replicas of them are built in the 21st century for use in ​authentic-instrument performance​ of his
music. The pianos of Mozart's day had a softer, more ethereal tone than 21st century pianos or
English pianos, with less sustaining power. The term ​fortepiano​ now distinguishes these early
instruments (and modern re-creations) from later pianos.

Comparison of piano sound


19th century piano sound

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Frédéric Chopin​'s ​Étude Op. 25, No.


12​, on an ​Erard​ piano made in 1851

Modern piano sound

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The same piece, on a modern piano

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Problems playing these files? See m

Modern piano
Further information: I​ nnovations in the piano
In the period from about 1790 to 1860, the Mozart-era piano underwent tremendous changes that
led to the modern form of the instrument. This revolution was in response to a preference by
composers and pianists for a more powerful, sustained piano sound, and made possible by the
ongoing ​Industrial Revolution​ with resources such as high-quality ​piano wire​ for ​strings​, and
precision ​casting​ for the production of massive ​iron frames​ that could withstand the tremendous
tension of the strings. Over time, the tonal range of the piano was also increased from the five
octaves​ of Mozart's day to the seven octave (or more) range found on modern pianos.
Broadwood square action (click for page with legend)

Early technological progress in the late 1700s owed much to the firm of ​Broadwood​. ​John
Broadwood​ joined with another Scot, Robert Stodart, and a Dutchman, ​Americus Backers​, to design
a piano in the harpsichord case—the origin of the "grand". They achieved this in about 1777. They
quickly gained a reputation for the splendour and powerful tone of their instruments, with Broadwood
constructing pianos that were progressively larger, louder, and more robustly constructed. They sent
pianos to both ​Joseph Haydn​ and ​Ludwig van Beethoven​, and were the first firm to build pianos with
a range of more than five octaves: five octaves and a ​fifth​ during the 1790s, six octaves by 1810
(Beethoven used the extra notes in his later works), and seven octaves by 1820. The ​Viennese
makers similarly followed these trends; however the two schools used different piano actions:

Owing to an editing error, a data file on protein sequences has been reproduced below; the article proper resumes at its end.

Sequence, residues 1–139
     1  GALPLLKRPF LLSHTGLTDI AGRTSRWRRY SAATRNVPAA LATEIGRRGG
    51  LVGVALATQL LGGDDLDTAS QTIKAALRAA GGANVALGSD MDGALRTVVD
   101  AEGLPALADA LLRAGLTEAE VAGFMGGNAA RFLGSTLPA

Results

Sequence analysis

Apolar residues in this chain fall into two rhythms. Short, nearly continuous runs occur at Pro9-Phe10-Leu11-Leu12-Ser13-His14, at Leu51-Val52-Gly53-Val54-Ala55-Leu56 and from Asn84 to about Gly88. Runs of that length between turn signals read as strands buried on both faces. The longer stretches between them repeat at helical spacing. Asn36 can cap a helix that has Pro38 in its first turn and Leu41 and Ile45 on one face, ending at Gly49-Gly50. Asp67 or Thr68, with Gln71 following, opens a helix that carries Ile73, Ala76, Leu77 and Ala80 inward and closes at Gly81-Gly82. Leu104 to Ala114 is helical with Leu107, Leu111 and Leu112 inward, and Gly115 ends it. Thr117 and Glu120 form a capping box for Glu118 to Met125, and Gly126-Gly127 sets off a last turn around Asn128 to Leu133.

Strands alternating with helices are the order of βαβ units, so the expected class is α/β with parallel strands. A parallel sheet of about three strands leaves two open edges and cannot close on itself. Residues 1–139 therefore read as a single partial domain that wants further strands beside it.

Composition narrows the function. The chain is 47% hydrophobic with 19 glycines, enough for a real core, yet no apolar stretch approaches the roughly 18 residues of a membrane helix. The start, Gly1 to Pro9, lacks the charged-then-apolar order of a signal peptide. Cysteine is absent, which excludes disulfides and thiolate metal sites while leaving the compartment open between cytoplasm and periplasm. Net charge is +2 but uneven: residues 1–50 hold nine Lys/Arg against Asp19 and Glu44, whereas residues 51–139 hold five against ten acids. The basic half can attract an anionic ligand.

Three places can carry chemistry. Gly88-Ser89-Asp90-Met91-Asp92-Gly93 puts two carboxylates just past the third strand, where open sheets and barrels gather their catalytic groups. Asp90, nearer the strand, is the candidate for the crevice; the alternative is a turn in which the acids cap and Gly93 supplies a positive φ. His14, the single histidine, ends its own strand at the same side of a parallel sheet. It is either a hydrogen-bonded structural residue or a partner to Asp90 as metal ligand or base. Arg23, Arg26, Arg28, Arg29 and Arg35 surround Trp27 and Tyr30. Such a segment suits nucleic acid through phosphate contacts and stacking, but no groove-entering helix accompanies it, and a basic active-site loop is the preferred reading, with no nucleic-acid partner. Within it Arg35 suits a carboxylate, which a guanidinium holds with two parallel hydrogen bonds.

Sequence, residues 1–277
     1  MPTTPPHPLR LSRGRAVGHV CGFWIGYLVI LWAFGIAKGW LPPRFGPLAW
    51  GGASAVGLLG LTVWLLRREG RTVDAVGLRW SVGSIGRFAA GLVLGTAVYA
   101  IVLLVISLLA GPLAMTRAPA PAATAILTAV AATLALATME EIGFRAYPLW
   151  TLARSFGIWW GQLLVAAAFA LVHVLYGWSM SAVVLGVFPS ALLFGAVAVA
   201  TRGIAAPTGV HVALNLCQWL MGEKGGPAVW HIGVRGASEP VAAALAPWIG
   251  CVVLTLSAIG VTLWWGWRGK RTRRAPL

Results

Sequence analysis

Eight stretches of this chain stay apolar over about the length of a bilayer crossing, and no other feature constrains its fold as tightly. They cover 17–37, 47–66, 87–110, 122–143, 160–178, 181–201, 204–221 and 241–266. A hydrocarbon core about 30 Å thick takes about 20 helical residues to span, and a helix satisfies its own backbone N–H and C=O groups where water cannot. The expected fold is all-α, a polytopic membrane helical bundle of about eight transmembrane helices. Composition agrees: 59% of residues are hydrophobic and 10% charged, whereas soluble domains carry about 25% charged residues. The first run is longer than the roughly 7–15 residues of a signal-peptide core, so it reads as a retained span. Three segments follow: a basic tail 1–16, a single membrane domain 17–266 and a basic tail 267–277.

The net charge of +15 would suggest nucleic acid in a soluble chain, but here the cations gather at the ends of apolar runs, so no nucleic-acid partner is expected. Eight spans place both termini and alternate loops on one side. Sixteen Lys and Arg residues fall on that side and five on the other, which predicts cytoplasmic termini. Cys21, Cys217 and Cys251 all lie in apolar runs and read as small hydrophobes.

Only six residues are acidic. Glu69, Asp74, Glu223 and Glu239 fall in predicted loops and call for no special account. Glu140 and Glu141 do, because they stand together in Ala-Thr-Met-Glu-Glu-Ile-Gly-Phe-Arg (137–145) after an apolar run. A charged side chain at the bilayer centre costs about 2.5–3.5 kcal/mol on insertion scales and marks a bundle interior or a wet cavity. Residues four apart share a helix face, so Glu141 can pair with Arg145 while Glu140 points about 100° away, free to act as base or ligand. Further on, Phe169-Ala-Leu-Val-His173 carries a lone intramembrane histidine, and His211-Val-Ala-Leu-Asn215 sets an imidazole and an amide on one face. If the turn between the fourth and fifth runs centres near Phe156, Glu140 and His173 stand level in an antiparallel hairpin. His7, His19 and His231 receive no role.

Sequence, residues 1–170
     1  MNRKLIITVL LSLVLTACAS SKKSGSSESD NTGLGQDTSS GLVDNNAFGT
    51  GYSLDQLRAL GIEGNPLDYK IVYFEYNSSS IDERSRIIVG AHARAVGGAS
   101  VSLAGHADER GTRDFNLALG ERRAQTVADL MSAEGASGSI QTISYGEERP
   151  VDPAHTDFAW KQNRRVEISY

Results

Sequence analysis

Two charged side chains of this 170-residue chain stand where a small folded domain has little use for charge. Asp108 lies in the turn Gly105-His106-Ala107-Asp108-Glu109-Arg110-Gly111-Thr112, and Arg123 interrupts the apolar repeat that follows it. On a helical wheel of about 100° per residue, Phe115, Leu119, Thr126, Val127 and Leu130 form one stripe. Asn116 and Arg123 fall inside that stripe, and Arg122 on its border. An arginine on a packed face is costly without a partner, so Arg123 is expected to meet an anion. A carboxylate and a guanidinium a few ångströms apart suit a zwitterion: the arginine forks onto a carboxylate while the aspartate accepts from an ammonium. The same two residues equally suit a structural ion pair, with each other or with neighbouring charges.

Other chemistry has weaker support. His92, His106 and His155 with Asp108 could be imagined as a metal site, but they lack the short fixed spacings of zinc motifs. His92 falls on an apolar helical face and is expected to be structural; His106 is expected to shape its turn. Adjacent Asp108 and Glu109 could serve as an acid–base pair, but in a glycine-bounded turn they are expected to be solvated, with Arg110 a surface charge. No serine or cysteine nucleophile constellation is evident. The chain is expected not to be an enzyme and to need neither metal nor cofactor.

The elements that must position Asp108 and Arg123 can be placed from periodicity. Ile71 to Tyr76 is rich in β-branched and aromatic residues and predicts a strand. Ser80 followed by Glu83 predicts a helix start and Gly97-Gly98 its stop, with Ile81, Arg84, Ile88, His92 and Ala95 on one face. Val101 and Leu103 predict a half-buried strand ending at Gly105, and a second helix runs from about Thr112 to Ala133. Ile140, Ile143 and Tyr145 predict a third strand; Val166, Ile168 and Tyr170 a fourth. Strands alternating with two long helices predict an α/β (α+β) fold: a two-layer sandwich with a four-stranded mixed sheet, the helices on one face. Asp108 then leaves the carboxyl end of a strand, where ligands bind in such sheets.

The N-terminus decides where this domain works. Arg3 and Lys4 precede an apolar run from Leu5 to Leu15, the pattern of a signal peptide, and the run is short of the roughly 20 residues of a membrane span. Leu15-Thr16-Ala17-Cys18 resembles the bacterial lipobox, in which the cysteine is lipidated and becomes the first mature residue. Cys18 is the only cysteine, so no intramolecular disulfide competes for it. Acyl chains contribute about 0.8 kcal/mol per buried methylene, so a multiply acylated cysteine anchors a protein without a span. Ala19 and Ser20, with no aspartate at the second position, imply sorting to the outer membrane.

Broadwoods used a more robust action, whereas Viennese instruments were more sensitive.

Erard square action (click for page with legend)

By the 1820s, the center of piano innovation had shifted to Paris, where the ​Pleyel​ firm
manufactured pianos used by ​Frédéric Chopin​ and the Érard firm manufactured those used by ​Franz
Liszt​. In 1821, ​Sébastien Érard​ invented the double escapement ​action​, which incorporated a
repetition lever​ (also called the ​balancier)​ that permitted repeating a note even if the key had not yet
risen to its maximum vertical position. This facilitated rapid playing of repeated notes, a musical
device exploited by Liszt. When the invention became public, as revised by ​Henri Herz​, the double
escapement action gradually became standard in grand pianos, and is still incorporated into all
grand pianos currently produced in the 2000s. Other improvements of the mechanism included the
use of firm felt hammer coverings instead of layered leather or cotton. Felt, which was first
introduced by ​Jean-Henri Pape​ in 1826, was a more consistent material, permitting wider dynamic
ranges as hammer weights and string tension increased. The ​sostenuto pedal​ (​see below​), invented
in 1844 by ​Jean-Louis Boisselot​ and copied by the ​Steinway​ firm in 1874, allowed a wider range of
effects, such as playing a 10 note chord in the bass range, sustaining it with the pedal, and then
moving both hands over to the treble range to play a two-hand melody or sequence of arpeggios.
One innovation that helped create the powerful sound of the modern piano was the use of a
massive, strong, ​cast iron​ frame. Also called the "plate", the iron frame sits atop the ​soundboard​, and
serves as the primary bulwark against the force of string ​tension​ that can exceed 20 tons (180
kilonewtons) in a modern grand. The single piece cast iron frame was patented in 1825 in ​Boston​ by
Alpheus Babcock​,[12]​
​ combining the metal hitch pin plate (1821, claimed by Broadwood on behalf of
Samuel Hervé) and resisting bars (Thom and Allen, 1820, but also claimed by Broadwood and
Érard). Babcock later worked for the ​Chickering & Mackays​ firm who patented the first full iron frame
for grand pianos in 1843. Composite forged metal frames were preferred by many European makers
until the American system was fully adopted by the early 20th century. The increased structural
integrity of the iron frame allowed the use of thicker, tenser, and more numerous strings. In 1834, the
Webster & Horsfal firm of ​Birmingham​ brought out a form of piano wire made from ​cast steel​;
according to Dolge it was "so superior to the iron wire that the English firm soon had a monopoly."​[13]
But a better steel wire was soon created in 1840 by the ​Viennese​ firm of Martin Miller,​[13]​ and a
period of innovation and intense competition ensued, with rival brands of piano wire being tested
against one another at international competitions, leading ultimately to the modern form of piano
wire.​[14]

Several important advances included changes to the way the piano was strung. The use of a "choir"
of three strings, rather than two for all but the lowest notes, enhanced the richness and complexity of
the treble. The use of a Capo d’Astro bar instead of agraffes in the uppermost treble allowed the
hammers to strike the strings in their optimal position, greatly increasing that area’s power. The
implementation of over-stringing, in which the strings are placed in two separate planes, each with
its own ​bridge​ height, allowed greater length to the bass strings and optimized the transition from
unwound tenor strings to the iron or copper-wound bass strings. (Over-stringing is also called
cross-stringing​. Whereas earlier instruments' bass strings were a continuation of a single string
plane, over-stringing placed the bass bridge behind and to the treble side of the tenor bridge area.
This ​crossedt​ he strings, with the bass strings in the higher plane.) Over-stringing was invented by
Pape during the 1820s, and first patented for use in grand pianos in the United States by Henry
Steinway, Jr. in 1859.